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Ellipsis Mark

ellipsis
The ellipsis mark is also called a "suspension point" or "dot dot dot".

The ellipsis mark consists of three dots (periods). We use the ellipsis mark in place of missing words. If we intentionally omit one or more words from an original text, we replace them with an ellipsis mark.

  • Suppose we want to quote "The film focussed on three English learners from Asia who were studying at university." Perhaps we want to omit "from Asia who were" to save space. So we write:

    "The film focussed on three English learners...studying at university."

    The new sentence still makes sense, but the ellipsis mark shows the reader that something is missing.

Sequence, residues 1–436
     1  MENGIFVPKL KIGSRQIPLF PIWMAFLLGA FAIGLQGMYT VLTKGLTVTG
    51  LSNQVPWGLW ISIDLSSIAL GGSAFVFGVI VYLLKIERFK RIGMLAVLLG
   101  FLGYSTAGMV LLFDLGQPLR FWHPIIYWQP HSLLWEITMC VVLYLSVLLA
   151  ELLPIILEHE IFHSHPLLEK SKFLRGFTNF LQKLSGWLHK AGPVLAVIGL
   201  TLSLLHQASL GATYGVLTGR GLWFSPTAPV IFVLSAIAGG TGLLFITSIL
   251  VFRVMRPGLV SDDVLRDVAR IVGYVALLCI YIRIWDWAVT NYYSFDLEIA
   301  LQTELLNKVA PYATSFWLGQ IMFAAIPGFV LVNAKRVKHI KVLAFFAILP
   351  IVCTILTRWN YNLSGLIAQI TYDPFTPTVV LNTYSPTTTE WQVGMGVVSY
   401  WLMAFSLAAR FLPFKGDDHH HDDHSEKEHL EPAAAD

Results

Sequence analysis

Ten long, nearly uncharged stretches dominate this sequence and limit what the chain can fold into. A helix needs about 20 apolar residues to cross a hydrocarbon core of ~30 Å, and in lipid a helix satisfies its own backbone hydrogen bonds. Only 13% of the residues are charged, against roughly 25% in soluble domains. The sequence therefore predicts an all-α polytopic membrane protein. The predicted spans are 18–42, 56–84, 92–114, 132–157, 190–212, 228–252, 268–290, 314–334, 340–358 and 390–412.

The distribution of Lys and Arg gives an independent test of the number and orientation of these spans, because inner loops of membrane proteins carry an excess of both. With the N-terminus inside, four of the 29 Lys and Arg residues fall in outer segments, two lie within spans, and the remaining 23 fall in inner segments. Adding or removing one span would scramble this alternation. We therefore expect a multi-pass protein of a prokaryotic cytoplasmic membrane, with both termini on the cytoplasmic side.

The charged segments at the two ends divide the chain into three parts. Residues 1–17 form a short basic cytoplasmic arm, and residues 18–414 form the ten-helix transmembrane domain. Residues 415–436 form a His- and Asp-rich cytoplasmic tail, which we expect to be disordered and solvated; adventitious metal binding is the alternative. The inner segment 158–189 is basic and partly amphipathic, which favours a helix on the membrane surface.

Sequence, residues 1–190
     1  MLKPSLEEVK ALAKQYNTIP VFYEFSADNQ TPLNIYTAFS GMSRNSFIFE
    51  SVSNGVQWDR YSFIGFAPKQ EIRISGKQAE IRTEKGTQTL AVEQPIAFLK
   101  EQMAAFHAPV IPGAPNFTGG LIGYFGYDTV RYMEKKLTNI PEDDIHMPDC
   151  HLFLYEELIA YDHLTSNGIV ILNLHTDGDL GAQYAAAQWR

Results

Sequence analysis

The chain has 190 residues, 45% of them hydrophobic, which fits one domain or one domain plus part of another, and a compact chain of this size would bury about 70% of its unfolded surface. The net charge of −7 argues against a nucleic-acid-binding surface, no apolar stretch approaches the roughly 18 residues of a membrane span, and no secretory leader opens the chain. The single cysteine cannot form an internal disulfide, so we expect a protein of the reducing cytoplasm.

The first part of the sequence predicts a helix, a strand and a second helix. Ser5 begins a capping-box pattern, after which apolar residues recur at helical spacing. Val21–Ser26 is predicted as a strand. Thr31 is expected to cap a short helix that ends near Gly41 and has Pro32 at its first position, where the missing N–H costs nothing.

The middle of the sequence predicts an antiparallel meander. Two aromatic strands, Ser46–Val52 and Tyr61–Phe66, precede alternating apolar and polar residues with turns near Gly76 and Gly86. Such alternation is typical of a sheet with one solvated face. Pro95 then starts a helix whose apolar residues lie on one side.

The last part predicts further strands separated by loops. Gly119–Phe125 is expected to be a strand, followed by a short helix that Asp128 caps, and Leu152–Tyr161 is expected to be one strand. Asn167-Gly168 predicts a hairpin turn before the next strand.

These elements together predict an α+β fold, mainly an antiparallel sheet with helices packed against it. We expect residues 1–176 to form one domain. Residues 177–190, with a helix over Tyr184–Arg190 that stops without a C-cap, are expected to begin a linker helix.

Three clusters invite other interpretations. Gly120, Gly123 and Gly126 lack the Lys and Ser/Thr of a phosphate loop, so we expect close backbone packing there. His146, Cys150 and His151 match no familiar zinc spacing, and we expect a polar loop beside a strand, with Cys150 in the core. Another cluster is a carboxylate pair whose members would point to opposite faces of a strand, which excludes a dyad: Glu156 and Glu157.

We sometimes also use an ellipsis mark to indicate a pause when someone is speaking, or an unfinished sentence. Look at these examples:

  • She turned to James and said, "Darling, there is something...I need to tell you. I have never felt like...like this before."
  • "It's not easy to explain. It's not..." Her voice trailed away as emotion welled up within her.

Do we use a space with an ellipsis mark? That is a question of style. Many style manuals recommend no space, like this:

  • three English learners...studying at university
  • It's not...

Others recommend using a space before and after an ellipsis mark, like this:

  • three English learners ... studying at university
  • It's not ...

The important thing is that you choose one style and use it consistently. Do not mix your styles.

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